In the Office

Much of the work involved in screen production is office-based. As with any business there are environmental impacts associated with the day-to-day activities of an office. These are usually energy use, transportation, waste generation in particular electronic waste, and water consumption. Screen production offices are no different. Below are suggestions for improving the sustainability of your office.

Waste and recycling

Measure the amount of waste going to landfill and know what waste you produce by undertaking a waste audit.
Set targets for diverting waste from landfill and provide regular feedback to staff on progress.
Provide staff with adequate facilities for recycling paper, glass, aluminium, plastic and cardboard.
Raise staff awareness about recycling facilities in the office and on location.
Collect organic waste and convert it to compost in a composting bin or worm farm.
Support products with recycled content over those made from virgin materials.
Ask suppliers to take back packaging for large items such as computers and furniture.
Where possible reduce, repair and reuse materials - recycle as a last option.
Recycle printer cartridges.
Recycle redundant computers, monitors and printers.
Return redundant mobile phones, batteries and paint to retailers for recycling.
Dispose of any hazardous waste safely.


Burning and burying waste result in methane and carbon dioxide (CO2) emissions, two of the greenhouse gases that contribute to climate change. Aside from climate change other environmental impacts of burning and burying waste include air, water and soil contamination and a loss of productive land for landfills, not to mention the loss of resources that could have been reused or recycled. As consumers we need to broaden our definition of waste from the day to day items that we discard at work and at home, to include the waste that is created during the manufacture and processing of the products we purchase. The screen industry is a large generator of waste. Most of what we see on screen has been created for that purpose only and then disposed of e.g. set construction and demolition. For the screen industry to tackle waste consideration needs to be given to all production inputs at the pre planning stage with a focus on avoiding waste in the first instance.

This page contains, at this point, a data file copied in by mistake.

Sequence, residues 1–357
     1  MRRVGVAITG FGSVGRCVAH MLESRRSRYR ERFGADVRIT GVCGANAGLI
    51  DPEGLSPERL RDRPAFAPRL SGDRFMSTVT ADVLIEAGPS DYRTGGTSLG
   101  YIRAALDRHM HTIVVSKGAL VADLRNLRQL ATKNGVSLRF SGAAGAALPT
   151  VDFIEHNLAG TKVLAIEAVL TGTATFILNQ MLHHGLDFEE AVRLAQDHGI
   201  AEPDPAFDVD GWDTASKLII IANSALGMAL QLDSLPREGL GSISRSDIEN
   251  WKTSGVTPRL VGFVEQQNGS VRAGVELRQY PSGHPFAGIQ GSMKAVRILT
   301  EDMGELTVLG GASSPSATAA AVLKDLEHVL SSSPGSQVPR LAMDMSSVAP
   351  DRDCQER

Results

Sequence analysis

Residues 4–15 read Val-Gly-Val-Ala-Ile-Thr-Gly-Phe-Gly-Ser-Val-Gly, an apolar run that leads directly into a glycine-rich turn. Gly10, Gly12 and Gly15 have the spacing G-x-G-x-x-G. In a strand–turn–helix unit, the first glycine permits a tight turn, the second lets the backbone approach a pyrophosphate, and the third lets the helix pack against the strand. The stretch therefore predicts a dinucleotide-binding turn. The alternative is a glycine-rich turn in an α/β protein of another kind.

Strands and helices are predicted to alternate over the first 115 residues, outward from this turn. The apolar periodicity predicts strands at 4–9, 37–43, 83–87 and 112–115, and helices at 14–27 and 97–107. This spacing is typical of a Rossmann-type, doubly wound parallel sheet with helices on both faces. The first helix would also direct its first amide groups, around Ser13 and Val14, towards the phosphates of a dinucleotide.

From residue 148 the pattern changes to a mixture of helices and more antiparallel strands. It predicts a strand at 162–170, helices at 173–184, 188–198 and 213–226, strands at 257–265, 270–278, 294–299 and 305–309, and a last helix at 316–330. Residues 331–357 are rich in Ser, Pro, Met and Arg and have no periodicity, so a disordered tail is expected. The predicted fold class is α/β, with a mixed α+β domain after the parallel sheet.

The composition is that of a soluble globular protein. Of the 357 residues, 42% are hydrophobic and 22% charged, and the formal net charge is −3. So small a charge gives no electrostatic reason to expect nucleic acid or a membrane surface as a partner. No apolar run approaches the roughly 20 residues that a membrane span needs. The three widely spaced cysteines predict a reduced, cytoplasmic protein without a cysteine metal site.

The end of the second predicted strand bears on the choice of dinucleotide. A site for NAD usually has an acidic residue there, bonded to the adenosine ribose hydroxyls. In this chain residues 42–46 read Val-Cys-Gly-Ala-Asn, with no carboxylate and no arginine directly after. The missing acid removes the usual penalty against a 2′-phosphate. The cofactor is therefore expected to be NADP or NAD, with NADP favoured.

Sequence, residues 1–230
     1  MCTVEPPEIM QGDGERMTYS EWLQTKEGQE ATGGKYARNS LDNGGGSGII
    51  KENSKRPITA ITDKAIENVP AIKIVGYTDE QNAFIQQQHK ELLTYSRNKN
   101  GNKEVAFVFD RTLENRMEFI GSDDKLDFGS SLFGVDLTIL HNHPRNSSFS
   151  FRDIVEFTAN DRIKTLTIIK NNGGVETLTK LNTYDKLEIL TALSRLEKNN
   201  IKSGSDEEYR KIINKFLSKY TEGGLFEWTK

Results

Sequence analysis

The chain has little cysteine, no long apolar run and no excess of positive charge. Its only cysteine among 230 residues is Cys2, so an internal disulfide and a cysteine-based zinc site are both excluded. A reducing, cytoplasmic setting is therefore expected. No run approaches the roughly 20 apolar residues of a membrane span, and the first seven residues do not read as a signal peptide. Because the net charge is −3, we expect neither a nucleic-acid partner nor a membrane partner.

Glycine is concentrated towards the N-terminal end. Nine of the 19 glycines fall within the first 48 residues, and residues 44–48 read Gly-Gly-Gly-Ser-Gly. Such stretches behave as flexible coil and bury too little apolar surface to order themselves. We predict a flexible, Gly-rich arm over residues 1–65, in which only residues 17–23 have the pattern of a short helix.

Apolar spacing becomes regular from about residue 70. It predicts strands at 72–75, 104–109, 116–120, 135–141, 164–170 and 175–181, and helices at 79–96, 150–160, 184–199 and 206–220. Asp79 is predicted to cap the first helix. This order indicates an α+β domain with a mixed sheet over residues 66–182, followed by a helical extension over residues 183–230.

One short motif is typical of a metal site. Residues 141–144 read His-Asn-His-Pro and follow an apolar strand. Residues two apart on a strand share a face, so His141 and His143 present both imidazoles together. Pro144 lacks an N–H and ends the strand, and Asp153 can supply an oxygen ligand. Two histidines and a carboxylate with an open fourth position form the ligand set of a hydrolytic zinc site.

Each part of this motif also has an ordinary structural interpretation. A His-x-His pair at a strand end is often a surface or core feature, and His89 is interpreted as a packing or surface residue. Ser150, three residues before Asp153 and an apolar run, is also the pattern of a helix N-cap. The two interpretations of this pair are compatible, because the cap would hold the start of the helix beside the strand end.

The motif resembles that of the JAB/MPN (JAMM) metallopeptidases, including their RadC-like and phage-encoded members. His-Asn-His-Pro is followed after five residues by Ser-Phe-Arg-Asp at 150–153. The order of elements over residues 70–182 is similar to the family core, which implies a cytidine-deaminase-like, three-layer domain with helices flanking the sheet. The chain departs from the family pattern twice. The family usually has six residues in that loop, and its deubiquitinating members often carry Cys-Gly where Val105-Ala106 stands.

Composting Organic Waste at South Pacific Pictures

A waste audit at South Pacific Pictures revealed that on average some 20 kg per day of organic waste, paper and other recyclable materials were going to landfill. Improved awareness and facilities for recycling and an on-site composting facility (worm farm) have helped South Pacific Pictures divert at least 50% of its waste from landfill and reduce costs waste disposal costs. The payback period for the cost of installing the worm farm was less than one year. The resulting compost is made available to staff for their home gardens.

X-men Origins: Wolverine

Wolverine was filmed in the Queenstown Lakes District, New Zealand in 2007. The production diverted an astounding 92% of its waste through:
•Recycling systems in the office, workshops and on set
•Recycling information printed on daily call sheets
•Food waste diverted to a local farmer for stock feed
•Confidential documents and printer cartridges recycled
•Water dispensers installed to refill water bottles
•Reusable plates and cutlery used on set by catering
•SPFX and construction materials recycled or reused
The Queenstown Lakes District Council and Film Queenstown have developed a Green Screen Guide and directory to assist film companies operating in the district to reuse, reduce and recycle their waste which can be accessed at
www.qldc.govt.nz

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